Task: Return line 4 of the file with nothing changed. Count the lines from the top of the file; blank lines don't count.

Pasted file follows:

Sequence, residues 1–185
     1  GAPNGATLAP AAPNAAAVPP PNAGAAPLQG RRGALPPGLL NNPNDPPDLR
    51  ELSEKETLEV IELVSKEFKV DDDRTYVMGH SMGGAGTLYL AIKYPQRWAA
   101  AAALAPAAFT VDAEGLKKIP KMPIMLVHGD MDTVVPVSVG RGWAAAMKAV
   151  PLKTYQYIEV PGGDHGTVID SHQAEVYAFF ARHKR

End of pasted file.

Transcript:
   101  AAALAPAAFT VDAEGLKKIP KMPIMLVHGD MDTVVPVSVG RGWAAAMKAV